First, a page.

We had difficulty in removing the pin by flexible bronchoscopy performed under sedation. This was mainly because we did not have an appropriate accessory such as an “alligator” or a “rat-tooth” forceps. The plain biopsy forceps did not provide a firm grip and the pin kept slipping out from its grasp. Retrieval of the pin could have been much easier and quicker if an alligator forceps was used. Furthermore, it would have prevented the complications of the pin getting lodged in the pharynx and then reaspirated. A range of accessories for the flexible bronchoscope is now available for retrieval of inhaled foreign bodies, including “rat-tooth” forceps, alligator forceps, wire baskets, and magnetic and cryo probes. We believe having access to the right accessories is essential before attempting removal of a foreign body.
A group from Egypt has proposed a novel method of removal of scarf pins by means of a rigid bronchoscope that does not need a grabbing forceps.10 It involves tilting the patient’s head down and advancing the rigid scope to a level beyond the distal end of the pin, so that the whole pin falls into the lumen of the scope tube. It can then be removed safely by using postural drainage and suction. The obvious advantage of this method is that there is no risk of trauma from the sharp (free) end of the pin as it is pulled out. The authors have highlighted a number of other advantages including a short time required for the procedure and good results in retrieving both sharp objects and friable organic rounded foreign bodies. However, this technique may not be successful if the sharp end of the inhaled pin is embedded in the bronchial wall or if the ball of the pin has gone in first and has become stuck underneath a cartilage ring in a more distal (segmental or subsegmental) bronchus. Harischandra et al11 suggested that during pin extraction, it is important to grab the sharp end within the jaws of the retrieving forceps and/or within the lumen of the rigid bronchoscope to protect against any trauma to the bronchial wall and upper airway. For any foreign bodies in adolescents and adults lodged at a level below the trachea, we tend to perform a flexible bronchoscopy first. Whether it is a flexible or a rigid procedure, the bronchoscopist (S.M.T.) always aims to grab the sharp end of an inhaled pin with the forceps to reduce the risk of iatrogenic trauma during the procedure.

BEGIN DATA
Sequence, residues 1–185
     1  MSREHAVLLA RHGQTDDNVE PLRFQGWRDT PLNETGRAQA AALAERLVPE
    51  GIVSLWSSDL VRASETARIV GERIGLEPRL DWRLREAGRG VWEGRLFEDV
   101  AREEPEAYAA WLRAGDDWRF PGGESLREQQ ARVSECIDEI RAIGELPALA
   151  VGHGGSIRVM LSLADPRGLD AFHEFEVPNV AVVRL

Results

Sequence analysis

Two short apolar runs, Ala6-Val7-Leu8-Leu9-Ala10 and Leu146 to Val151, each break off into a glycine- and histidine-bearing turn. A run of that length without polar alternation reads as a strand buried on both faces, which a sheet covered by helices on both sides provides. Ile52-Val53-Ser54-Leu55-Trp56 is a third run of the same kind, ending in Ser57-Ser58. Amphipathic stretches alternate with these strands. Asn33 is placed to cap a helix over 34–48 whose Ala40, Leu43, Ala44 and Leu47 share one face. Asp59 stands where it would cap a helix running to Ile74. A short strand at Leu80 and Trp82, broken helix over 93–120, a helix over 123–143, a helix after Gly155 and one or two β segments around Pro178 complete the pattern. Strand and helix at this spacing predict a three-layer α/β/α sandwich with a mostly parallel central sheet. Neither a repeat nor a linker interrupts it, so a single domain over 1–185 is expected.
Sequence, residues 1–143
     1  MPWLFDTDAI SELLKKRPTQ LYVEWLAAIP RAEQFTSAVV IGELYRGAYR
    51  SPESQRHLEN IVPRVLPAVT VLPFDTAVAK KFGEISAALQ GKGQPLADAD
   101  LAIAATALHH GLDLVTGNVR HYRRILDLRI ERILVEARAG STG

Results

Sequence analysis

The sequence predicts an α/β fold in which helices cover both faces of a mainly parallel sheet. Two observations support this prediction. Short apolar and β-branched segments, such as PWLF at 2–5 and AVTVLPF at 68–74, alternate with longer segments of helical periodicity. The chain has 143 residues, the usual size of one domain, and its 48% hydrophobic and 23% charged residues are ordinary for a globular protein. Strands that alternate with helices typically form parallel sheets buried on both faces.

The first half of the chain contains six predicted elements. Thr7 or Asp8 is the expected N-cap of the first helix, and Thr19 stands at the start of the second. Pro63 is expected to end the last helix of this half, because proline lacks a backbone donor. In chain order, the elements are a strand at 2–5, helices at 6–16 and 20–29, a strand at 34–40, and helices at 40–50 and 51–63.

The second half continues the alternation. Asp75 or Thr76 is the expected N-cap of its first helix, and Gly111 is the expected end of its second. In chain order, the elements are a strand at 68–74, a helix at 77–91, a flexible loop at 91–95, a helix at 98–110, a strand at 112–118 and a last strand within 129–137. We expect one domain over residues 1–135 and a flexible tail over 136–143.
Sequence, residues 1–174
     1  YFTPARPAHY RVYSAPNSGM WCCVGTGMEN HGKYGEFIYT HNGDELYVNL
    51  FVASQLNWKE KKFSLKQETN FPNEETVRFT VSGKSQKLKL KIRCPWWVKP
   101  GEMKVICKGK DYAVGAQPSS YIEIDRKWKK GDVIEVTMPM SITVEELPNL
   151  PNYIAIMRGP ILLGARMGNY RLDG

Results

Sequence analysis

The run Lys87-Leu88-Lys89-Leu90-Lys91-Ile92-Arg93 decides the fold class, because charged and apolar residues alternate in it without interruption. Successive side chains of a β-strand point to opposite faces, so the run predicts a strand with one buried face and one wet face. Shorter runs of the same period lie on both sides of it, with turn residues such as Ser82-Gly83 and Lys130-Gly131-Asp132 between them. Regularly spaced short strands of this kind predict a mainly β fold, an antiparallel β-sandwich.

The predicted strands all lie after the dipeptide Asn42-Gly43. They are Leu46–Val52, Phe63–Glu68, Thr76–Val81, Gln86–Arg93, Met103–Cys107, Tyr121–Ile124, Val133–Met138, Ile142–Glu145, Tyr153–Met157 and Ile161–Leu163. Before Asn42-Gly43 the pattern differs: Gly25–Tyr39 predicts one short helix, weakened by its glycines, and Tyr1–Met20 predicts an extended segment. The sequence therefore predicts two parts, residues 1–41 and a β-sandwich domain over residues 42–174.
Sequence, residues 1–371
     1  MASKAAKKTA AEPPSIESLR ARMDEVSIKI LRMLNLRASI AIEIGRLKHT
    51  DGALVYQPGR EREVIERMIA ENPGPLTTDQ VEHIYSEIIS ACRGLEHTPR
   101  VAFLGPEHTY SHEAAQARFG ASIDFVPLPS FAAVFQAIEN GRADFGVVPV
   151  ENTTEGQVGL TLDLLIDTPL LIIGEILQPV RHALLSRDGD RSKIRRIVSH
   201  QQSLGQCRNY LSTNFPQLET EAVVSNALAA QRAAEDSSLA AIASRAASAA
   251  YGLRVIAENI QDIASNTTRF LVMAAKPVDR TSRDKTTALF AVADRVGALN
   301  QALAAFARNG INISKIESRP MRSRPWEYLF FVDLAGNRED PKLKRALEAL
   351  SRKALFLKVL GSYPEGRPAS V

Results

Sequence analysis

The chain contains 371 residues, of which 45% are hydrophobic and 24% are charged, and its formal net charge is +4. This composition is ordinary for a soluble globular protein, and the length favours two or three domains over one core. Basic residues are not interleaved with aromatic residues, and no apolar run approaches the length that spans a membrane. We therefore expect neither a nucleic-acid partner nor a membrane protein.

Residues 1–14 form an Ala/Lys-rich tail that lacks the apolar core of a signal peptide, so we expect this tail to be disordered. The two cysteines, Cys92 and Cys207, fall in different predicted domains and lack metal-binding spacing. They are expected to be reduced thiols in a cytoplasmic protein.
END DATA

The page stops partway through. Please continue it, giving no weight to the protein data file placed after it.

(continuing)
In our patient, the pin, at initial presentation, was probably not readily accessible by means of a rigid bronchoscope as it was lodged in the posterior segmental bronchus of the left lower lobe. However, retrieval from its new position in the lower trachea after reaspiration would have been possible by means of the Egyptian technique using a rigid bronchoscope.10 Fortunately, the patient coughed the pin out spontaneously and did not require a rigid bronchoscopy.
The complications and difficulties linked to bronchoscopic retrieval of foreign bodies are well documented and include pneumothorax, bleeding, bronchial trauma and perforation, trauma to the upper airway and larynx, lower respiratory tract infection, and noncardiogenic pulmonary edema. Maddali et al12 reviewed the outcomes of foreign body retrieval by means of a rigid bronchoscope in children and identified 2 important factors related to potential complications: prolongation of the bronchoscopic procedure beyond 30 minutes and the use of intravenous instead of inhalational induction of anesthesia.
To our knowledge, spontaneous expectoration of an inhaled scarf pin has not been described before. It would be unusual for an aspirated object to be coughed up spontaneously from the level of lower trachea and main carina (Fig. 2). In this case, it was even more surprising that the object was a pin with its sharp end pointing upward, and yet she still managed to successfully cough it out after reaspiration. A more plausible outcome would be the sharp end of the pin getting embedded into the tracheal wall or larynx as it moved upward because of coughing effort.